This is the 4th and final part in a series about website system administration. The previous topics I presented were website security, data backup, and server monitoring as common tasks for the everyday average System Administrator. These topics are meant to enlighten you to the important background tasks that make your website run, and so you can appreciate the work that your IT staff does to keep your online business running.
The last topic in this Nugget Series is Domain Name Management.
Many people view their domain name as something simple that you pay for through a popular Registrar like GoDaddy, Enom, Tucows, or Network Solutions one time and then renew year after year. Choosing your domain name has more to do with marketing and branding, and really has no bearing on the routine management of a domain name. Here are the domain name management tasks that your System Administrator should be in charge of:
1. DNS setup
2. Email Configuration
3. Renewals and transfers between Registrar Companies
The top Registrars I mentioned above have automatic Domain Name Systems (DNS) so your newly registered domain name will appear online within a matter of hours, sometimes even minutes. The DNS is a translation system between human words and computer numbers, like a telephone book. Your domain name will initially appear with a placeholder page provided by your Registrar. Your system administrator will have to change the initial default settings so your domain points to the actual website you created.
Once you set up you website you should also set up email addresses that match your domain name. Some email systems will use software on your computer like Thunderbird or Outlook, while other email systems run through webmail software that you access through a web browser. But before your emails will even reach your desktop computer your system administrator needs to add a few configuration settings to your DNS.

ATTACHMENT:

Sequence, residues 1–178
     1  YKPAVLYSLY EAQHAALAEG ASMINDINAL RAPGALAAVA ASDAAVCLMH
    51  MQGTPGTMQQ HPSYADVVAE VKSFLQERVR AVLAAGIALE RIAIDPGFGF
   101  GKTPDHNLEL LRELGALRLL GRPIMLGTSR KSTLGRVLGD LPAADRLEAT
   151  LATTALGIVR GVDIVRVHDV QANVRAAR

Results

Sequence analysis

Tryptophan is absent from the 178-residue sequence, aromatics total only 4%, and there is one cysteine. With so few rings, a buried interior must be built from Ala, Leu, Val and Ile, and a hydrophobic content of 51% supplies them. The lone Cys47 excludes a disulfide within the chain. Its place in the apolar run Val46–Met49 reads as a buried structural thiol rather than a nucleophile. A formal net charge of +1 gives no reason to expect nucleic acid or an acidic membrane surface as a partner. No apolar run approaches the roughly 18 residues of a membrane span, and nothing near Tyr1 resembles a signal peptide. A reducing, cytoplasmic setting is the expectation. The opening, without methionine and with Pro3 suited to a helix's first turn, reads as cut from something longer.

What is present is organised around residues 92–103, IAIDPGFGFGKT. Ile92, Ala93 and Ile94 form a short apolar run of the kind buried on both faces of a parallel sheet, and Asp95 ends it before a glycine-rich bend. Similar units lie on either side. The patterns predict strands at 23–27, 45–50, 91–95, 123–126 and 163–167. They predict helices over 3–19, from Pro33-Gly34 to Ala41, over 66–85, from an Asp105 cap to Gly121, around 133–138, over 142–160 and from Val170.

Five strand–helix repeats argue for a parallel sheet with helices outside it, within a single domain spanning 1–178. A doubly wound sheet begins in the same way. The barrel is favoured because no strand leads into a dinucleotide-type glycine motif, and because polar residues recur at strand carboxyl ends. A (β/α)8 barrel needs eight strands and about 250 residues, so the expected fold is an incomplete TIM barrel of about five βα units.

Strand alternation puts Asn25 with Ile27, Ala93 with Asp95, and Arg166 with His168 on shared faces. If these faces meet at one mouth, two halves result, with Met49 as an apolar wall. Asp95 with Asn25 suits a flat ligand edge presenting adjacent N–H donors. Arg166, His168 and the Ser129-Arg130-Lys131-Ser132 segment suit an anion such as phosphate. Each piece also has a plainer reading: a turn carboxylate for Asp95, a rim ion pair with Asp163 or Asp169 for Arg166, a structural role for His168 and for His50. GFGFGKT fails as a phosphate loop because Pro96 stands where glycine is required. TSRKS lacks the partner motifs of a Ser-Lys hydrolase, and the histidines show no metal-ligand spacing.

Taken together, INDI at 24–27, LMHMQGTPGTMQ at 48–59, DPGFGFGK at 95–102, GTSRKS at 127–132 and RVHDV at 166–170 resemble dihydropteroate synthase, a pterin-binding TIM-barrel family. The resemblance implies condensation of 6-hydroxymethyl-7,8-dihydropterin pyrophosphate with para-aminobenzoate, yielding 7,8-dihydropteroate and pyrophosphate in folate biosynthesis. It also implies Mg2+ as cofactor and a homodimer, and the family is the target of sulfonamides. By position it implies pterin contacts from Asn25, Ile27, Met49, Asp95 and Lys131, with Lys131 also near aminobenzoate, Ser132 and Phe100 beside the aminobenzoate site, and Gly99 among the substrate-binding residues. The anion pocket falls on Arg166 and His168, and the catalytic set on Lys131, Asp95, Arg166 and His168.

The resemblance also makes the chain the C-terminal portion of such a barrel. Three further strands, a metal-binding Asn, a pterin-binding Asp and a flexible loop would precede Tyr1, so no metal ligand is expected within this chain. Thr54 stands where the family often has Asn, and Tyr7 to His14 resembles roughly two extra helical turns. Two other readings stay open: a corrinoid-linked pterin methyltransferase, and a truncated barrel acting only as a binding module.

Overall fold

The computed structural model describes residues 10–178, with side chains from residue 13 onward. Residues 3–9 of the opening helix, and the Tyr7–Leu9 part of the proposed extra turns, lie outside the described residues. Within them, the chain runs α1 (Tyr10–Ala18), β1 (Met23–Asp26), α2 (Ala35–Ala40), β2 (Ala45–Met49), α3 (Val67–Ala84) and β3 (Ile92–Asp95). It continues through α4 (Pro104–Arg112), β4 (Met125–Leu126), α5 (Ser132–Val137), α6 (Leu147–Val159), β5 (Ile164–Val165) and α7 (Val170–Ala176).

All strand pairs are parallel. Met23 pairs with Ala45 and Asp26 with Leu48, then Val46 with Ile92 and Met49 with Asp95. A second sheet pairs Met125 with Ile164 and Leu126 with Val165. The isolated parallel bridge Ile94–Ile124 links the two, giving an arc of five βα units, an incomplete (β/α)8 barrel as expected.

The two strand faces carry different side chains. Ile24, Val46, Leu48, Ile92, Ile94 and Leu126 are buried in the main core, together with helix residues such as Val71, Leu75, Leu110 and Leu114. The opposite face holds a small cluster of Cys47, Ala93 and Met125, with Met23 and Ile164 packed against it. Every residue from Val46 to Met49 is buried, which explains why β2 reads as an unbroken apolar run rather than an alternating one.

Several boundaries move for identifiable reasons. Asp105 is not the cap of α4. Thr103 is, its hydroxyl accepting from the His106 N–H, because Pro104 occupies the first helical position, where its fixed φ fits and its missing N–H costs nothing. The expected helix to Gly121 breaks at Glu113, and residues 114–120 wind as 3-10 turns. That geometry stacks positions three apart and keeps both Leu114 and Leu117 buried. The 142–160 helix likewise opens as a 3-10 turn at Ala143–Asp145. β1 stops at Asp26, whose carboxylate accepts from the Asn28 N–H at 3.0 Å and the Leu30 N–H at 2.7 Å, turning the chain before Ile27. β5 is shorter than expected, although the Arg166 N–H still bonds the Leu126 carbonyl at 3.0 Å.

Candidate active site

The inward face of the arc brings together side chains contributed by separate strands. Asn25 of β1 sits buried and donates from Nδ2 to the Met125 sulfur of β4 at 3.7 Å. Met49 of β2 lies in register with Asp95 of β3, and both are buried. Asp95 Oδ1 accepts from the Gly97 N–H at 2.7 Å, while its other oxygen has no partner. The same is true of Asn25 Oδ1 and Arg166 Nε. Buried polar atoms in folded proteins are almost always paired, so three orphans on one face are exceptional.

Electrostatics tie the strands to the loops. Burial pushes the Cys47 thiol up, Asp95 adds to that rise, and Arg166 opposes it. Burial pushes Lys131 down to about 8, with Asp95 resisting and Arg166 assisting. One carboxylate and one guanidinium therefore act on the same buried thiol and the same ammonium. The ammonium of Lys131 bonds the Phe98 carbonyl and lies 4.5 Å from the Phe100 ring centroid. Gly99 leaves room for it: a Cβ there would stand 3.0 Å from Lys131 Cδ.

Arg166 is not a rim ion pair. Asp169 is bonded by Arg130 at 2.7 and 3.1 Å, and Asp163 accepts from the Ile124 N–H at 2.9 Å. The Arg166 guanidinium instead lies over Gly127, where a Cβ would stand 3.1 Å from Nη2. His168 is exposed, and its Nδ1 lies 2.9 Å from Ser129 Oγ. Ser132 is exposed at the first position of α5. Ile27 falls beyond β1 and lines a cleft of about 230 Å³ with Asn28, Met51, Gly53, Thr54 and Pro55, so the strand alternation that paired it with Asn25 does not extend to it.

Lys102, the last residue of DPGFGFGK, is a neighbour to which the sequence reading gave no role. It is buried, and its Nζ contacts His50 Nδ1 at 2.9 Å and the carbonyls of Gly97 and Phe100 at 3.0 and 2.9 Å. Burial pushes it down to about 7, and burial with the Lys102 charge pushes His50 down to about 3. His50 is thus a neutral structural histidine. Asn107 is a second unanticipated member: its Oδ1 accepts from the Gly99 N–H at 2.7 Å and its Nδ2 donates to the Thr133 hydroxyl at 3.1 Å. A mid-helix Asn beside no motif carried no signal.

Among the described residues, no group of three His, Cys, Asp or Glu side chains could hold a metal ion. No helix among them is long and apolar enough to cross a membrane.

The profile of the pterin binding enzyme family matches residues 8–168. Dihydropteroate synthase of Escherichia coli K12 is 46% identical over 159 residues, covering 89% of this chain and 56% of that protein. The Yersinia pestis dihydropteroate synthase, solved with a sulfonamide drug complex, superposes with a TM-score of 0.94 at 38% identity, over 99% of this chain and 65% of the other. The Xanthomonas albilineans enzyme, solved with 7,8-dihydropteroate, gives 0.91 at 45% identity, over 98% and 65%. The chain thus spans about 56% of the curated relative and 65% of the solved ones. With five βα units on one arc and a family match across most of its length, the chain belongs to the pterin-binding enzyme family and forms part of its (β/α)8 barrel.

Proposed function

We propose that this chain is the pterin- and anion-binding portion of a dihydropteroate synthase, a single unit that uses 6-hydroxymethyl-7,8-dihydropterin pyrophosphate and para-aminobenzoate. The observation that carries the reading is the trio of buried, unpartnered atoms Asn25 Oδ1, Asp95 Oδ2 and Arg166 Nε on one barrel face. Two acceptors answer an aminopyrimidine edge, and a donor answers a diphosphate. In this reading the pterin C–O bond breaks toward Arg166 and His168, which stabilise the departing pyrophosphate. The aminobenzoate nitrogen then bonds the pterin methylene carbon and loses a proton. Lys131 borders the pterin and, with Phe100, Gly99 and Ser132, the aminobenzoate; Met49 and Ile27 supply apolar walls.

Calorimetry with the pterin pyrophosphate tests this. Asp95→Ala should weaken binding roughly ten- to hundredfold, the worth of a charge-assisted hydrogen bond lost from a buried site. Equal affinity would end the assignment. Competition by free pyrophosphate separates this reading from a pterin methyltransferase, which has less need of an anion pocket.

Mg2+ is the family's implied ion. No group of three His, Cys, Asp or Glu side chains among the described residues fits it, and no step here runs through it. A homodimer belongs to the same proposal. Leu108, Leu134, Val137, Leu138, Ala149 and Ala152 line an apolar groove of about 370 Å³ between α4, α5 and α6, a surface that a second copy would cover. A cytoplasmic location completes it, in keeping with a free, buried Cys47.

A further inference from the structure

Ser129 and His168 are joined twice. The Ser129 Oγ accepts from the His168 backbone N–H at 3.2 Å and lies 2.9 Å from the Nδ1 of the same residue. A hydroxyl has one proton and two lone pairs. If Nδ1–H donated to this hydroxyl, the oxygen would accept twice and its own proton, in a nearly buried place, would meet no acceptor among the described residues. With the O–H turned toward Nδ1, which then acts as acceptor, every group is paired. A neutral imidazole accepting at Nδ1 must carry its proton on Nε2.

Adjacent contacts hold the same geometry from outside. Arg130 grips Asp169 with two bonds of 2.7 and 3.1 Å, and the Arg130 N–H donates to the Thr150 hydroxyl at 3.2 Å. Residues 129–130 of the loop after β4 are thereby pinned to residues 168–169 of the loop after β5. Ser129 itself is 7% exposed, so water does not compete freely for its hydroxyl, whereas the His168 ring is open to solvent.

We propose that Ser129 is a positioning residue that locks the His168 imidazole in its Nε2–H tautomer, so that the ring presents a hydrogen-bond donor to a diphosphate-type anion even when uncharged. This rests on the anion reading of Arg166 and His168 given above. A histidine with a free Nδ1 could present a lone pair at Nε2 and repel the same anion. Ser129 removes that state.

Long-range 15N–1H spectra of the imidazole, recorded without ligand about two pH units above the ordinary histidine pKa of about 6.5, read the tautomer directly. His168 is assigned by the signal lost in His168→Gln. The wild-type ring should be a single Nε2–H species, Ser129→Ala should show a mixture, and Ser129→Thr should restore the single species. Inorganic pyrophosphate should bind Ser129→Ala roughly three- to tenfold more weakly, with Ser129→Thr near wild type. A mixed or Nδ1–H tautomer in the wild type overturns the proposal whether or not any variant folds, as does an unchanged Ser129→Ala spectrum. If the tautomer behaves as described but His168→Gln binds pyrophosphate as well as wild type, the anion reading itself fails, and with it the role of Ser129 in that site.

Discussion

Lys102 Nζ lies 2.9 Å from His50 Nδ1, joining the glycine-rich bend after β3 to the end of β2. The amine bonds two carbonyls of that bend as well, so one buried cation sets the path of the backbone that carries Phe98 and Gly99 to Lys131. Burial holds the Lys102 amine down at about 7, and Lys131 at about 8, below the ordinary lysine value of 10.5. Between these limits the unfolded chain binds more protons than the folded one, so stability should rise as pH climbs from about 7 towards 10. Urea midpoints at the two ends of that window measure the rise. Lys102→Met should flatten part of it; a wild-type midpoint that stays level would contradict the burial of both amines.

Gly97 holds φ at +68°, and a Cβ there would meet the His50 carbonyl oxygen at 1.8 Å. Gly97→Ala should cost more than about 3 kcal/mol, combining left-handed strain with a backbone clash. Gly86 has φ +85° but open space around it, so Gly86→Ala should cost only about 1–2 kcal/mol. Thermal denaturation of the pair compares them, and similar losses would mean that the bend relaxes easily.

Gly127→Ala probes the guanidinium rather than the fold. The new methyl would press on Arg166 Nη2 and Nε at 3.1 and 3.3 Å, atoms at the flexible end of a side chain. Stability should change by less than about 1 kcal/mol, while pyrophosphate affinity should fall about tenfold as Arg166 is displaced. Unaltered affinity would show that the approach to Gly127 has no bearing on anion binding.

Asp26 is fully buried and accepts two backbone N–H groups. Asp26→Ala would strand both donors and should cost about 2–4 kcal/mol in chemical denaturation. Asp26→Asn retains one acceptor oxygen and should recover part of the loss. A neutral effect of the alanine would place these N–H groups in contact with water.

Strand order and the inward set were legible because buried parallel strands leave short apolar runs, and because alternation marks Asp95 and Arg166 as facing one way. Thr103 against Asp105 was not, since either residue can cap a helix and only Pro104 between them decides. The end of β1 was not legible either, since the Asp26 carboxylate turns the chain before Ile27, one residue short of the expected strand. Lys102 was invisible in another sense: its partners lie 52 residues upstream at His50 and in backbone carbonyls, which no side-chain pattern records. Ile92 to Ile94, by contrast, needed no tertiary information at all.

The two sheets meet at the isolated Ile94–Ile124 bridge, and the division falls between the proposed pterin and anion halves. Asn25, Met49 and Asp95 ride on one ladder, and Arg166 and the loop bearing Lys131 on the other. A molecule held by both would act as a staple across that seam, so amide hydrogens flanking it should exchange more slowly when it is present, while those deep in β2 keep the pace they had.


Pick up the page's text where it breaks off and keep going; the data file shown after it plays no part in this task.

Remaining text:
Email configuration is tricky because many security measures have been put in place to prevent spamming. Most of the email problems I've saw throughout 2011 and 2012 were related to incorrectly configured email settings in a DNS. If email settings are misconfigured in your DNS you will occasionally get a bounce back email. Bounced emails usually indicate a problem on the recipient's side, but in this case the problem is because your DNS was wrong. Only your system administrator would know for sure, and you would have to show them the message in the bounce back.
I don't want to get too technical, but just know that the email settings relating to your domain name use this jargon: MX records, SPF, RDNS
Domain name renewal is an aggravating topic for me. The popular and reputable Registrars listed above use email notifications to alert you when it's time to renew your domain name. The email notifications are sent to the email addresses associated with your domain name, so make sure that your current email address is always listed in your account.
The reputable registrars do not send paper invoices, but there are many non-reputable registrars that will send you a very official looking paper invoice in hopes to trick you into transferring your domain to them. Many court cases have stemmed from registrars attempting to trick small businesses into paying fees to "renew" or "protect" their domain name when in fact it was a scam to transfer your domain name away from your legitimate registrar. They'll typically argue it was just a solicitation but many people see those invoices, panic, and renew. Others just aren't paying attention to who their web company is and won't think about signing a form.
The latest domain name scams I've seen in 2012 include "protection" against DNS outages which warn you that you should have more DNS servers. Although the idea to have a 3rd and 4th redundant DNS is appealing, and it lessens the potential for outages explained below, you should never pay anyone for that service unless your own system administrator is managing it.
The last domain name concern for your system administer involves outages. As I write this, according to http://whois.sc/ there are 106,303,481 dot-COM domain names registered. Considering that number it's surprising that outages don't happen more often than they do. Outages happen when your DNS computers break. You are required to have a primary and a secondary DNS working for you, but sometimes they both malfunction at the same time.
Symptoms of a DNS failure include bounced emails and intermittent website outage, which are similar to software and hardware failures. DNS servers are normally so reliable that system administrators don't even consider looking for problems there.
As a reminder for myself I actually have a sign above my desk that says "If all else fails, make sure the DNS servers are still running." Your system administrator should have a sign like that too.